Three-year-old Elliott is as sassy as they come, according to his mom, Lauren. And has a smile that spreads easily from ear to ear – just look at that photo!
Elliott has also been diagnosed with apraxia of speech, which means he has difficulty speaking. He has often felt left out at school because he is unable to talk to his classmates, and he has a hard time telling his family anything, from how he is feeling to what he wants to eat.
“Elliot struggles from social anxiety because he is aware of his disability and being unable to talk,” says Lauren.
This can be difficult for a child with as big of a personality as Elliott, who just wants to have a voice. But Apraxia is still a relatively unknown diagnosis, according to Lauren, meaning that insurance companies aren’t as prepared to assist families when needed.
That’s why Variety St. Louis has stepped in to provide Elliot with a communication device. This device gives Elliott his voice, which has had so many benefits already.
Since finding his voice through the communication device, Elliott has become more social and has started to participate in things at school, singing along during music time and playing with his friends on the playground. Lauren says that he is so much more comfortable being around his classmates now because he is actually able to communicate with them.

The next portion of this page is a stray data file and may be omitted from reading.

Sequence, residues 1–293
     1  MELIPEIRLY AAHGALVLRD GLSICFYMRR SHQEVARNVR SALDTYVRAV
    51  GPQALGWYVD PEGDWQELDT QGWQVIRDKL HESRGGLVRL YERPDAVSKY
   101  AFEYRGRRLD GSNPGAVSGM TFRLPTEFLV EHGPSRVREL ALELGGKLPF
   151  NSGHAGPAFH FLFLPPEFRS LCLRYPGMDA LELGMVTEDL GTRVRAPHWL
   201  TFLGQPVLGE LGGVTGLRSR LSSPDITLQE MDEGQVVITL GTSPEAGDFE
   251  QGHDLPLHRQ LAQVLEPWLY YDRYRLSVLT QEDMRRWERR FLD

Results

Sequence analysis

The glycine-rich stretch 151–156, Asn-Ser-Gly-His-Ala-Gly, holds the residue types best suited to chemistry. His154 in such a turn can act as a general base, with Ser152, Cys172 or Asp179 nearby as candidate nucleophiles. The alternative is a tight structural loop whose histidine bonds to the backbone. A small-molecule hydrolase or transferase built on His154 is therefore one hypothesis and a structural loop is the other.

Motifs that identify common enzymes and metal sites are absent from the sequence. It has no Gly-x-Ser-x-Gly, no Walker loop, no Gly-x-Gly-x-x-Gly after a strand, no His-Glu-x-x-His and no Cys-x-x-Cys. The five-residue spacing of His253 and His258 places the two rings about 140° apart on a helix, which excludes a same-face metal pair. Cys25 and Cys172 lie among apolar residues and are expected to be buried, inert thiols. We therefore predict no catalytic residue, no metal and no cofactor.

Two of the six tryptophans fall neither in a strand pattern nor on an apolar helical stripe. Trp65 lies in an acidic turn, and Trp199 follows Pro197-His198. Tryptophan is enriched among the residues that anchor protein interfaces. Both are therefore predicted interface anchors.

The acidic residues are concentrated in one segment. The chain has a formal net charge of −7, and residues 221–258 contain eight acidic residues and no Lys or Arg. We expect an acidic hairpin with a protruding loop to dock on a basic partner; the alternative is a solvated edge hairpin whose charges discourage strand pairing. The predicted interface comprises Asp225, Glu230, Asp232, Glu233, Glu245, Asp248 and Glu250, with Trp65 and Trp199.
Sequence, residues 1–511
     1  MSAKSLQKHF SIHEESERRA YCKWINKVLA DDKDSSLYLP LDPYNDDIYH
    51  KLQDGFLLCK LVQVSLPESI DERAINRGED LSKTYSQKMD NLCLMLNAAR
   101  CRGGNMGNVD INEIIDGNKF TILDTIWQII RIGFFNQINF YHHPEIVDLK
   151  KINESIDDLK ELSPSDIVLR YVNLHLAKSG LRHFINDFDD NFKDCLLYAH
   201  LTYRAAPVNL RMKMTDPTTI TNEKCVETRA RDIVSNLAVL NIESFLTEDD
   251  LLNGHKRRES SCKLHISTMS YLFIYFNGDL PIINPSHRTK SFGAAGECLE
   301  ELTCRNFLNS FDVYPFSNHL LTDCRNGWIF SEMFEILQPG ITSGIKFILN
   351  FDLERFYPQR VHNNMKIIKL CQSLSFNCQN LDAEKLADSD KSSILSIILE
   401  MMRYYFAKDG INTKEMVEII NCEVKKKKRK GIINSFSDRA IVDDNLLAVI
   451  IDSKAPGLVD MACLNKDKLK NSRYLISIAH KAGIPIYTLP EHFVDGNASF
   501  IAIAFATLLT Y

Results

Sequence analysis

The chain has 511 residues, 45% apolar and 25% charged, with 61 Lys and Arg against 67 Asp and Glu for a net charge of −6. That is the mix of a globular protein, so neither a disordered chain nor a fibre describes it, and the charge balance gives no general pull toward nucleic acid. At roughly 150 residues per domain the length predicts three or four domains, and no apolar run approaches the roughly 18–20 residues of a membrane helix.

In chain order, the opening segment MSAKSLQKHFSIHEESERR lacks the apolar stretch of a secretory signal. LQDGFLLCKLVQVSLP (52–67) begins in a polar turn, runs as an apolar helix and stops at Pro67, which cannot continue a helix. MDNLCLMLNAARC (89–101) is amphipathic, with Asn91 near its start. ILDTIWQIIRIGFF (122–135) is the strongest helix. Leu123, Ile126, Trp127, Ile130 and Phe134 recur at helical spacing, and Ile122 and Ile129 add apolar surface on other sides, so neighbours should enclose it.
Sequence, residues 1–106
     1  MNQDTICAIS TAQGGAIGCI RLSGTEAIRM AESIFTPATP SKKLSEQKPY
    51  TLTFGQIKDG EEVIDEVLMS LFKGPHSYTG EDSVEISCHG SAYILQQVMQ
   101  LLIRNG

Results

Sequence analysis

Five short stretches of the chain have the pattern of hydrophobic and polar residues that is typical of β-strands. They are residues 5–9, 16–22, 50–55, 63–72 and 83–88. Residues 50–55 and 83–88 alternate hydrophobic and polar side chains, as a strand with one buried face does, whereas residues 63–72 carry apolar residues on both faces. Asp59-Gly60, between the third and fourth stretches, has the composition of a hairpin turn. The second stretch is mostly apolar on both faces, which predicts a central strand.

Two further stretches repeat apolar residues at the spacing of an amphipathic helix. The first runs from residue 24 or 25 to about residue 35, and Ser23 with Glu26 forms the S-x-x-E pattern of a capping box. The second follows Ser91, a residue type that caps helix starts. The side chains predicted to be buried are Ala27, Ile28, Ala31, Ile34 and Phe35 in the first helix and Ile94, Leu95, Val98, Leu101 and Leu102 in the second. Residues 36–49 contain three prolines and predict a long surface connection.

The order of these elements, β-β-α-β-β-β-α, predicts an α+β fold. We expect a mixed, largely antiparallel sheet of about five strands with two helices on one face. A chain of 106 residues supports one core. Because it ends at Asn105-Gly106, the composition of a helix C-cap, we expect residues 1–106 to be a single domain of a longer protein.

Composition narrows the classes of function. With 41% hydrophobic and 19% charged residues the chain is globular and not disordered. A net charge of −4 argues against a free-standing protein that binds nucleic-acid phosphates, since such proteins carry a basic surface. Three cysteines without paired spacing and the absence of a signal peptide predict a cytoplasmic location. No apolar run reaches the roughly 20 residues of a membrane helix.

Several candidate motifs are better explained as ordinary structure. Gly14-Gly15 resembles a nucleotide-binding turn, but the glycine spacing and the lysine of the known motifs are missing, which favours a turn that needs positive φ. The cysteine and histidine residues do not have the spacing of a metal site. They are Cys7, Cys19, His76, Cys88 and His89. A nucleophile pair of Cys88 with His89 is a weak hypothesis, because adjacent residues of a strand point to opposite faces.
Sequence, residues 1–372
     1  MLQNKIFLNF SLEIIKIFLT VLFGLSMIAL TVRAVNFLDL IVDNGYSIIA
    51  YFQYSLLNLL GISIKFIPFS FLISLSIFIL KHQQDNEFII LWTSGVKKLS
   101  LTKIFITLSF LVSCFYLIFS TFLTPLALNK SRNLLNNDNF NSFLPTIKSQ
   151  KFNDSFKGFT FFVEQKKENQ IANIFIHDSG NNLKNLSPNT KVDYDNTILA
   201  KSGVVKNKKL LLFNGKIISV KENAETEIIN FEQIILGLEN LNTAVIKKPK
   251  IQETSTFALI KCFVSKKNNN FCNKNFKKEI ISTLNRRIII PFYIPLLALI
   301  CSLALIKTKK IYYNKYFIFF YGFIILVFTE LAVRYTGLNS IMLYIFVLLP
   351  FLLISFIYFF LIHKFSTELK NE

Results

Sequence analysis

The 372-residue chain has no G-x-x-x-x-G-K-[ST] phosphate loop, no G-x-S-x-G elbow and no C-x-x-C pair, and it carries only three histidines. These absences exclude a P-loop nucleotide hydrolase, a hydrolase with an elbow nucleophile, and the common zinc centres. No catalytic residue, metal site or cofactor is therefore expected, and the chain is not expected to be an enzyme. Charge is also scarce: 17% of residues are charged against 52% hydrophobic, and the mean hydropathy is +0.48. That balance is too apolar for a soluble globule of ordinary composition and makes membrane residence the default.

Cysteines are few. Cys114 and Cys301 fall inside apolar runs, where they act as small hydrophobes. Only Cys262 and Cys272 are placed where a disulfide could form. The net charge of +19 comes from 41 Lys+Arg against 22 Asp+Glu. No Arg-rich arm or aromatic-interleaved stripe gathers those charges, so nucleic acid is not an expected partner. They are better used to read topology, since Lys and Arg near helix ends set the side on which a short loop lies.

At home, Elliott is now able to tell his family his feelings, especially when he is upset. His favorite things to say, though, involve requesting snacks and foot rubs! This Halloween, Elliott also used his device to say “trick or treat” for the first time, along with thanking everyone for his candy.
In the long run, this communication device will also help Elliott to talk using spoken words, something his is working on each day. He has even added a few words to his vocabulary since receiving it.
But, Lauren says, this wouldn’t have been possible without Variety and our supporters.
“We would like to say thank you to every donor that helps Variety because, without them, Variety families can suffer financially trying to afford these things,” says Lauren. “Variety’s donors were able to provide our sassy three-year-old with a voice while he learns how to talk effectively.”
If you’d like to learn more about Variety’s durable medical equipment program and how it helps local Variety Kids like Elliott, click here.